Locked Up Abroad
Meet the two innocent Canadians beaten up and left to rot for months in Cairo's most notorious prison.
CAIRO — One August morning, three police trucks pulled up to Cairo's notorious Tora Prison. The trucks -- packed full of people -- were left to cook in the searing August heat. Some prisoners defecated and urinated on themselves; one young man became delirious. After four hours, the doors were opened, and Tora's infamous "Welcome Party" began.
CAIRO — One August morning, three police trucks pulled up to Cairo’s notorious Tora Prison. The trucks — packed full of people — were left to cook in the searing August heat. Some prisoners defecated and urinated on themselves; one young man became delirious. After four hours, the doors were opened, and Tora’s infamous "Welcome Party" began.
Inside one of the trucks were two Canadian citizens, filmmaker John Greyson and emergency doctor Tarek Loubani. The two men were detained for 50 days without charge after being arrested, along with roughly 600 other people, during an Aug. 16 protest against the current military-backed government. They were finally allowed to leave Egypt last week — but before they left, they spoke exclusively to Foreign Policy about their experience within Tora Prison. Their story paints a grim picture of Egypt’s Kafka-esque judicial system and the brutal tactics employed by the security forces to silence critics and foreign observers.
The Tora "Welcome Party" is a hazing ritual designed to break the will of new inmates. The Canadians were chased out of their van toward two lines of police officers, who were armed with electric prods and batons.
"We were made to run the gantlet," Greyson said. It was a systematic and well-rehearsed assault: "They kick you in the kidneys so it’s effective but doesn’t break ribs; they hit you in the face without leaving cuts or bruises."
The prisoners were then forced to crouch — bent double in a stress position — and made to watch as another truckload of inmates was brutalized. They were then turned around so they could only hear the prisoners’ screams as officers edged toward them, weapons raised.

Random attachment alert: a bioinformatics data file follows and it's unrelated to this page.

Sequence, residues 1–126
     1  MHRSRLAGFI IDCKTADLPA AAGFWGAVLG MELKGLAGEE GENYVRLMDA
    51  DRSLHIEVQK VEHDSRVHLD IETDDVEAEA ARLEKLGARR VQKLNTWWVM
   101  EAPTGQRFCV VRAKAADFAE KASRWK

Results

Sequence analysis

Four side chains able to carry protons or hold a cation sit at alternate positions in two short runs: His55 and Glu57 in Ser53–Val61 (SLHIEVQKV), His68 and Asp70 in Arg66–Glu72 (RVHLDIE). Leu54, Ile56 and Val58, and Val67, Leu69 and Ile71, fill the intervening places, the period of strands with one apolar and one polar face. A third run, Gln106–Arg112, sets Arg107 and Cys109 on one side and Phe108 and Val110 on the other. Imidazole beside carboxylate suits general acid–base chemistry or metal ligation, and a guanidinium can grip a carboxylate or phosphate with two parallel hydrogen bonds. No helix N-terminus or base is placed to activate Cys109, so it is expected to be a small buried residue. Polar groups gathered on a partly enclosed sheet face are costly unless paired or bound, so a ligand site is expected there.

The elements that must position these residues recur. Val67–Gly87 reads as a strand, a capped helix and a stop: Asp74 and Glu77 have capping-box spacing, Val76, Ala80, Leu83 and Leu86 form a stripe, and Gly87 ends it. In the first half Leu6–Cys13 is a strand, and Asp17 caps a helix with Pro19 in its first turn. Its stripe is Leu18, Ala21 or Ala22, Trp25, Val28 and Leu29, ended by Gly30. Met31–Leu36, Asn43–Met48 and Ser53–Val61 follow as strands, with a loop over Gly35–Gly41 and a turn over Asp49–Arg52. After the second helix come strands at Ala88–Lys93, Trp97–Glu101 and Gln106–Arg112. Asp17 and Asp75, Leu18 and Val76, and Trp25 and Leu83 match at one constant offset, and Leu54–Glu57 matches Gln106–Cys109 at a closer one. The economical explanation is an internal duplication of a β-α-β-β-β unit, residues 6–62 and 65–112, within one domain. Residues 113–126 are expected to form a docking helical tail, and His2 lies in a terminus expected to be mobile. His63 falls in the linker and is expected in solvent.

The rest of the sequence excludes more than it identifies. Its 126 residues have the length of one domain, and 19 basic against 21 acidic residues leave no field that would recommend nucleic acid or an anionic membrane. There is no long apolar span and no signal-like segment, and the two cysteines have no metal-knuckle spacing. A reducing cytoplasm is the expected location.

Loubani said the two were singled out for a special beating. "It shocked the others," he said. "John is a respectable-looking man in his 50s; he is Canadian — but they just went for him."
The ordeal left a neat boot print in the center of Greyson’s back for a week.
It could have been even worse for the two foreigners. Some 36 prisoners in another police truck heading to Abu Zaabal Prison, outside Cairo, rioted against the unbearable heat in the vehicle and ended up killing a guard. The prison officers took their revenge by burning them alive in their van, or so the guards later boasted to the Canadians. At the time of the incident, security officials said the prisoners died of asphyxiation after tear gas was fired into the crowded police truck. Two Western prisoners have also died in Egyptian prisons in the last month: A French citizen was reportedly beaten to death by his fellow inmates, while an American was found dead on Oct. 13 in an apparent suicide.
Greyson and Loubani had been caught up in the security crackdown that followed the violent dispersal of two Cairo-based sit-ins in support of ousted President Mohamed Morsy, which resulted in the deaths of at least 600 people. Just the day before, on Aug. 15, the two Canadians’ plan had been to travel to Gaza, where Loubani was due to teach basic first-aid and Greyson was set to film him. But Egypt had shut its borders with the Palestinian territory in the unrest following Morsy’s ouster: With no way to enter, the men decided to observe a pro-Morsy protest in downtown Cairo’s Ramses Square.
The rally started peacefully enough. But when the pair heard the first crack of gunfire and protesters brought the first bloodied body back from the front lines, Loubani, an experienced conflict physician, "snapped into doctor’s mode," Greyson said. Loubani started to treat the injured on the floor of nearby al-Fateh Mosque, while Greyson filmed.
It is unclear who started the fight that day. The authorities claim protesters opened fire on a nearby police station, while Morsy supporters say they were gunned down as they peacefully demonstrated. Loubani and Greyson’s only concern, however, was the stream of critically injured people.
Once the clashes died down, the Canadians, their trousers soaked with blood, made their way back to their hotel through the warren of barriers and blockades. At the last checkpoint, in view of their hotel, they asked for assistance from a group of men in civilian dress. This proved to be a terrible mistake.